school moved onto a single site. There was another name change
along the way when it was named in honour of a former pupil of Ardwick
Higher Grade School (the precursor of Ardwick Technical High) Ellen
Ellen Wilkinson entered Ardwick
Higher Grade School in 1902. The daughter of Richard and Ellen
Wilkinson of 41 Coral Street in Chorlton-upon-Medlock, Ellen was a
diminuative red-head. As an adult she was only 4 foot 10 inches
tall but she became known as Red Ellen and she had a formidable
The photograph below, shown with the permission of Peter Harden,
shows the young Ellen with her mother and her brothers Richard and
Harold. Clearly evident is the firery red hair that became her
trade-mark. She inherited it from her maternal grandmother who had red
hair long enough that she could sit on it. Ellen had ambitions to
grow hers long too but eventually tired of it and had it cut
She can be see third from the
left on the back row in this photograph of the Ardwick Higher Grade
School Girls' Form taken
sometime between 1902 and 1906.
In 1906 Ellen won a £25 pupil teaching bursary which enabled her to attend the Manchester Day Training College on Princess Street in central Manchester. She attended College for half of the week and in the other half taught at Oswald Road Elementary School. In 1910 Ellen became a student at Manchester University where she developed her interest in socialism and politics. A plaque in her honour was placed in the quad of old university buildings.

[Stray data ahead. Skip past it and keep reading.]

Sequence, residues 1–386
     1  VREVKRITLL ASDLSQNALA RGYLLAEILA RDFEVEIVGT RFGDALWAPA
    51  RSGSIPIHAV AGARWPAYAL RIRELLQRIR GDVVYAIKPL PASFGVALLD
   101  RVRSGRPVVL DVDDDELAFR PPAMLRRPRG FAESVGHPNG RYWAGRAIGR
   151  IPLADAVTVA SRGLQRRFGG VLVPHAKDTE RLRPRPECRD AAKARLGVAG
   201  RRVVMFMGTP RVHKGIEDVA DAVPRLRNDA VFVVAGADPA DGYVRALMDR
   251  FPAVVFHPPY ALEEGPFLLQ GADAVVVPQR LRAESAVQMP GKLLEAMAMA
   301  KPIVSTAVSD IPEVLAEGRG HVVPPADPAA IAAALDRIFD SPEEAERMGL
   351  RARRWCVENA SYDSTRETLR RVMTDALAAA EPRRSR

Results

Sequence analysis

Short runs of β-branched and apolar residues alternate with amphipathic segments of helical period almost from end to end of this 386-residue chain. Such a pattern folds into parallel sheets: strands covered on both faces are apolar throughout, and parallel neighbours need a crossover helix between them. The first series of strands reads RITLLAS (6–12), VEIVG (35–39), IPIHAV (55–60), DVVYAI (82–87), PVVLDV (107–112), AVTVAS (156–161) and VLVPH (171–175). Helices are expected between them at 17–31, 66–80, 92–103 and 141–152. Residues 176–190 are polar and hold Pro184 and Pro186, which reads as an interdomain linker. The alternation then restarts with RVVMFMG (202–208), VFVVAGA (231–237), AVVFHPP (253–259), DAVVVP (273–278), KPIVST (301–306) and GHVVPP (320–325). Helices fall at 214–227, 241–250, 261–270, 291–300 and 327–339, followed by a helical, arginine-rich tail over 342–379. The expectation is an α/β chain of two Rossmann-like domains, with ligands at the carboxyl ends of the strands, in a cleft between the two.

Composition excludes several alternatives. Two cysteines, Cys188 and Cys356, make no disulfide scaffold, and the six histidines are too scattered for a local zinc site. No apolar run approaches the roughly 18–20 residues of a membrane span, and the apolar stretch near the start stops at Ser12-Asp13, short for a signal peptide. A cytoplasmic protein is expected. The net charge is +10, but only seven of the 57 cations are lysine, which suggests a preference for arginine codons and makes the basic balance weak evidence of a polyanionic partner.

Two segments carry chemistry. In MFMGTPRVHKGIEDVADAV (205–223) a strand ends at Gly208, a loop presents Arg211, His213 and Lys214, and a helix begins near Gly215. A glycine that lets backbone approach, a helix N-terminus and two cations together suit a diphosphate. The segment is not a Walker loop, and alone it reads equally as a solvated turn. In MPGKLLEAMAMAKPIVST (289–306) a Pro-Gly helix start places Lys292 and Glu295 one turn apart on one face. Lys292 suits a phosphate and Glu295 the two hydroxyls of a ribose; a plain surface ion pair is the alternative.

In 1912 she joined the National Union of Women's Suffrage Societies later becoming a district organizer. She also ran the local branch of the Fabian Society. At the age of 24 she was the women's organiser of the Co-operative Employees, eventually gaining pre-eminence within NUDAW - a shopworkers' union. After being active in the women's sufferage movement she was elected as Labour member of Middlesbrough East in 1924. Identified with the far left, in fact Wilkinson was involved with various forms of labour movement activism. She was a tough character and resilient to jibes as both an orator and hardened union negotiator. She lost her seat in 1931. In 1935 she was elected MP for Jarrow, a seat she held until her death in 1947. In 1936 she was one of the leaders of the Jarrow March.
In 1940 Ellen was appointed
Parliamentary Secretary Minister of Pensions, and Joint Parliamentary
Secretary Ministry of Home Security 1940 - 1945. In 1945 she became
Minister of Education.
So it was appropriate that this
Ardwick School should be named the Ellen Wilkinson High School.
However, once again the winds of
change were blowing in Manchester in 2000 when Ellen Wilkinson was
merged with Spurley Hey to create a new school called Cedar Mount
located in Gorton.
Today the Nicholls Hospital building is the Nicholls Campus of
the Manchester City College. It is the base for sports academies
in football, rugby, cricket and basketball.
The college offers excellent sports facilities including a football
centre with a full size
grassed pitch and synthetic five-a-side pitches, a sports hall and
fully equipped gym. The campuse is also equipped with: IT suites,
science labs, a learning resource centre, a canteen and a student
The Nicholls Hospital building is now 132 years old but it
seems to have found a way iof reinventing itself for succeeding